I still remember this conversation. I remember where it happened, what was going on, it was a day my relationship with Steve changed. When I was a freshman in college Steve was Professor Hertzog, the man who taught religious history for a one hour class three times a week. In my freshman year, that's pretty much all he was to me, the guy I saw every couple of days up front talking at me. Outside of occasionally raising my hand I had no interaction with him.
The question above happened almost four years later. I was a month from graduating but I still called him Professor Hertzog around people, Pastor Steve when with friends. In the past four years we had moved beyond a professor/student relationship. I had taken more classes with him, participated in school activities, but also had dinner with him and his family, helped him in classes, he became my faculty adviser, when potential churches called my college he talked with me about it, we had some hard conversations about friends and ministry, I even went on a mission trip to Africa with him. And now, just before graduation when our roles would be officially changing (I would no longer be a student) he was really asking for a change in the relationship too.
I was reminded of this in my readings for Advent this past year. I read through a series of sermons by St. Bernard from almost 1,000 years ago. It was interesting seeing the birth of Christ from a much different perspective than our current American twenty-first century worldview. And in it he mentioned how Jesus changes our relationship with God.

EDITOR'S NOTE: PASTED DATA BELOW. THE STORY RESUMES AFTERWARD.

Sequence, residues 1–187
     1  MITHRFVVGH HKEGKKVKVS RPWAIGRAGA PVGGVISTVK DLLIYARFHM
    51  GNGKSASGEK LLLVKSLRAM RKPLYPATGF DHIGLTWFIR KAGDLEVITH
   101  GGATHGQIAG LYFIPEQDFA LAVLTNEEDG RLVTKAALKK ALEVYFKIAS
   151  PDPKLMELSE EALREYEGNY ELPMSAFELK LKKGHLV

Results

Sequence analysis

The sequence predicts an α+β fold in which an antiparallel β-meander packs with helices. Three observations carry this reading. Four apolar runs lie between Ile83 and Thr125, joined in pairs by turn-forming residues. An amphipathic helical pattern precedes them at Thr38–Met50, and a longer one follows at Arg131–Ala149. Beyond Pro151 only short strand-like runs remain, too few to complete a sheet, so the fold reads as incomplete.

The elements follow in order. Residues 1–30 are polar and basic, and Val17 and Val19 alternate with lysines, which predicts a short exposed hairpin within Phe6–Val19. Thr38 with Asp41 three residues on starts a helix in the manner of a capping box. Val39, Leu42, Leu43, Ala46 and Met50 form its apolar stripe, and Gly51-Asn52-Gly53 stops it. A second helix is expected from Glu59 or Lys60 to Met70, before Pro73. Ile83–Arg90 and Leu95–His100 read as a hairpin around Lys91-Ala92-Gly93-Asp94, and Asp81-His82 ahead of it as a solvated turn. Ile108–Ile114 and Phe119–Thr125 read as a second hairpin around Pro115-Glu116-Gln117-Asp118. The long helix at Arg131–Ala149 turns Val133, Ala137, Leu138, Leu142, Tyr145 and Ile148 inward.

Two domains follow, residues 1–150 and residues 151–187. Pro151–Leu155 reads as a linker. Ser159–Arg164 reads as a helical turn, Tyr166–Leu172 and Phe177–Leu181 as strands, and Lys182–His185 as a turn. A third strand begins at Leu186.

In the Old Testament we are seen as God's children. In the New Testament we are seen as the Bride of Christ. Our relationship with our children is much different than our relationship with our spouse (hopefully). The people of the Old Testament followed rules and order and viewed God as someone almost aloof who could only be talked to through a priest, much like a child sees a parent. But in the New Testament it was less about the rules and more about the relationship, being able to talk directly to God, His Holy Spirit being with us and an active part of our everyday lives. Because our roles changed our relationship changed.
This is the heart of Easter. A change in relationship. We are no longer held captive by sin but can be forgiven so we can have a new relationship with God, a direct one that allows us to see His love more fully. I pray this Easter season we would all take advantage of that, see Jesus in a new light, live into our new roles with a wonderful new relationship with Him. Don't settle for less, be the Bride of Christ this Easter season.
Director of Sr. High Student Ministries & Modern Worship